Since the XVth. century that Portugal looked straight to the ocean as an opportunity and as it is said around here "we gave new worlds to the world" and Commander Sacadura Cabral and Admiral Gago Coutinho were true believers of that. They joined the Sailor's spirit for adventure the interest for the new world of aviation and centuries of navigation knowledge all together.

At the time of the crossing Admiral Gago Coutinho attained the rank of Captain or in Portuguese Capitão-de-Mar-e-Guerra.

Peter Chandler: flying Airbus' pioneering aircraft

Saturday, June 15, 2013

Where all the airplanes go?

This probably would be a 10 year old child question but remarkably it isn't. Many people not so involved in aviation use to ask me that and some already have found the answer by them selves. A scrapyard. This would be the redundant answer and it isn't wrong at all, some of them go to scrapyards all over the world, in fact here in Portugal there are intentions to invest in the building of a new facility to that purpose next do the Beja Airbase and now civilian Airport.

Well the term scrapyard is correct but not entirely as for the aircraft go to this facilities to be stored in order to wait for the next owner that's why the remote areas chosen to this are areas normally with low rain rates during the year and low humidity so the aging process of the materials don't go to fast. With this pictures you will see the real number of stored airplanes and no, it is not possible to store them inside as they are so many so maintenance technicians have to conduct a "Long Term Storage Maintenance" where some fluids are replaced with "corrosion inhibitor oil" other are emptied and other filled to the top maximum, external breathers vents and holes get sealed and transparent surfaces as side windows and cockpit windows get covered to protect the interior and that surfaces as well after that they are put in the desert alongside with other aircraft waiting for their fate. Some after a period are recovered and get to the air again but the normal is to get all the components still available and with lifetime available to use out and them all remaining interiors go out also until the only remains are the structure itself, after that there it goes finally for scrap to recycle all the structural aluminium alloy.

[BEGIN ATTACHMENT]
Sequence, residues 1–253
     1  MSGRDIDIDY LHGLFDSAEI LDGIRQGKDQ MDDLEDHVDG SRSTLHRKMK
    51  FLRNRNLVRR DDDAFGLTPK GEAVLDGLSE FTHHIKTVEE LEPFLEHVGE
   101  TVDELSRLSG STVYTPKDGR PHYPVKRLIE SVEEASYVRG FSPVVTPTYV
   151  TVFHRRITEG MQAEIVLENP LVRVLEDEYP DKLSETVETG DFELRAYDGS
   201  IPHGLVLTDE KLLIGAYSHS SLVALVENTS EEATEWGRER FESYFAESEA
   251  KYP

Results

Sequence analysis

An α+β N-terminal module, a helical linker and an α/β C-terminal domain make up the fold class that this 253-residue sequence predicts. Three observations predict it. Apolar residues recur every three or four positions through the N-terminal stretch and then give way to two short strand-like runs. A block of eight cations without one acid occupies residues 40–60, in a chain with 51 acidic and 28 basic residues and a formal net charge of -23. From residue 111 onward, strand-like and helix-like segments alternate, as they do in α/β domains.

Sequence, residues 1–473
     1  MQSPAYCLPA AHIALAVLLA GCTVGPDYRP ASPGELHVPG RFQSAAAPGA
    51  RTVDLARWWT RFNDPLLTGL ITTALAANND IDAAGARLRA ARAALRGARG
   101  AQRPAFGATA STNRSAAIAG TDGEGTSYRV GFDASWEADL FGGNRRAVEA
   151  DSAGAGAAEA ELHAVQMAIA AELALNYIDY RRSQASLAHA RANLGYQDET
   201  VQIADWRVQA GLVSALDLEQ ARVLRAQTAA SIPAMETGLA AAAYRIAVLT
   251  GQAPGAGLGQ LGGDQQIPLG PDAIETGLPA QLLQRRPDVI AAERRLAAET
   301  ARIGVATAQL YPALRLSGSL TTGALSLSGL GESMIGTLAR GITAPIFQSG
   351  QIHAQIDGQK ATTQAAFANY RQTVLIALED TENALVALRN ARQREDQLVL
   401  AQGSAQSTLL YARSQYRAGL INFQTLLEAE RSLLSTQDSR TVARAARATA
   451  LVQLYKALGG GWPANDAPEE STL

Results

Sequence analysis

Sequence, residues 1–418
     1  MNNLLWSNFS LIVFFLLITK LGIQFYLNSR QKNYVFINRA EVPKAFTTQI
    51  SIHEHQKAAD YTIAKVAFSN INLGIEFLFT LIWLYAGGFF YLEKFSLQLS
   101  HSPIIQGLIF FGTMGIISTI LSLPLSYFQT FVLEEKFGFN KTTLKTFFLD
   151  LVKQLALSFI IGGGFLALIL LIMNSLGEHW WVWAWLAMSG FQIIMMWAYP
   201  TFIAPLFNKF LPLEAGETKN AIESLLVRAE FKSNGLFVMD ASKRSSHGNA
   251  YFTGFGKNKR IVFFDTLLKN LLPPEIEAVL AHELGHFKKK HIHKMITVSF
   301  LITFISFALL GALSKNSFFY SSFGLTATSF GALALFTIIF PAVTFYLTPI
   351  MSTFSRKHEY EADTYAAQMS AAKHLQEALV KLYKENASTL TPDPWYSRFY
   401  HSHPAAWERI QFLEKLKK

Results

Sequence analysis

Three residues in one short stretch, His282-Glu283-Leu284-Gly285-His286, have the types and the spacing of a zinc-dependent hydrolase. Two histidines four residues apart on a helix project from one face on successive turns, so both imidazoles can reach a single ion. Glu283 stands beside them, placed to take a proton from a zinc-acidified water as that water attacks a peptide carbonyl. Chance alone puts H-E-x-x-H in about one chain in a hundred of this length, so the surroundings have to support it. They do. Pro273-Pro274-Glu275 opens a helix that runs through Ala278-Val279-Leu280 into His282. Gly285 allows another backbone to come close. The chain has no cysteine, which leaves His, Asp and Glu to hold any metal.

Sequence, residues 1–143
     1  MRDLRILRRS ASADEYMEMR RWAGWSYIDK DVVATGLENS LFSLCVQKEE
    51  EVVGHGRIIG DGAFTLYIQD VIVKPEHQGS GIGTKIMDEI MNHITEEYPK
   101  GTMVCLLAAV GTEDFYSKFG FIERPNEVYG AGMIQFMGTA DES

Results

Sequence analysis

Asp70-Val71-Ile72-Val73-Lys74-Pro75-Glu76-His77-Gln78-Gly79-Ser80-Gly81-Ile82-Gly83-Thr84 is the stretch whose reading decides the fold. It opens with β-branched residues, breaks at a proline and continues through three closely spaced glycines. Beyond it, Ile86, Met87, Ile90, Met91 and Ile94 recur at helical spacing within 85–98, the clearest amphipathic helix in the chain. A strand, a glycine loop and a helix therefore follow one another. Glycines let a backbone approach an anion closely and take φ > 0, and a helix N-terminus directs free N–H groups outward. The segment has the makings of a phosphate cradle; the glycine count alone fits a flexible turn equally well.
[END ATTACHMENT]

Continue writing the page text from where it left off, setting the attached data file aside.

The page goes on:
Global Aviation Resource by Paul Dunn have a report of probably the most known facility related to aviation recycling refit and storage in the world. It's in Victorville California, here is a link to their website and a report with some aerial pictures of the site so you can get the main picture of the dimensions and numbers involved in this process.

Enjoy!

http://globalaviationresource.com/v2/2013/04/10/bloggar-paul-dunn-flying-over-victorville-jan-2013/

© Paul Dunn - Global Aviation Resource
Global Aviation Resource photo

Friday, June 14, 2013

The New Airbus A350 goes up in the Sky for the first time!






First of all I would like to express to all involved in the A350 program my congratulations for this achievement. This morning the Airbus A350 took off from Blagnac Airport in Toulouse, France. To Airbus this new model represents the continue of the wealthy combat for the leading of the skies between Airbus and Boeing. The American manufacturer is still experiencing some issues with the direct competitor the Boeing 787 Dreamliner but that is the price for the investment in new technology such composite materials or new battery fabrication and Airbus already has to deal with the same issues and regardless all the predicted situations new problems will possibly appear and rapidly solved by the engineers.



Here is the team of the A350 first flight and after the flight quoted that after a few minutes in the air it was like a regular flight such was the airplane's behavior and functioning. In their words all the simulator hours and engineering was well worth as the aircraft is perfect already.

Here is a small photographic resume of the flight.


 



TAP - Portugal the Portuguese flagship Airline has a contract with Airbus to buy the A350 and has one of the first airlines to receive the airplane it also had the chance to become part of the program. It will just be a matter of time to see this bird with the Portuguese colors at LPPT.


All images are Airbus Courtesy and credits are mentioned at the bottom of each one.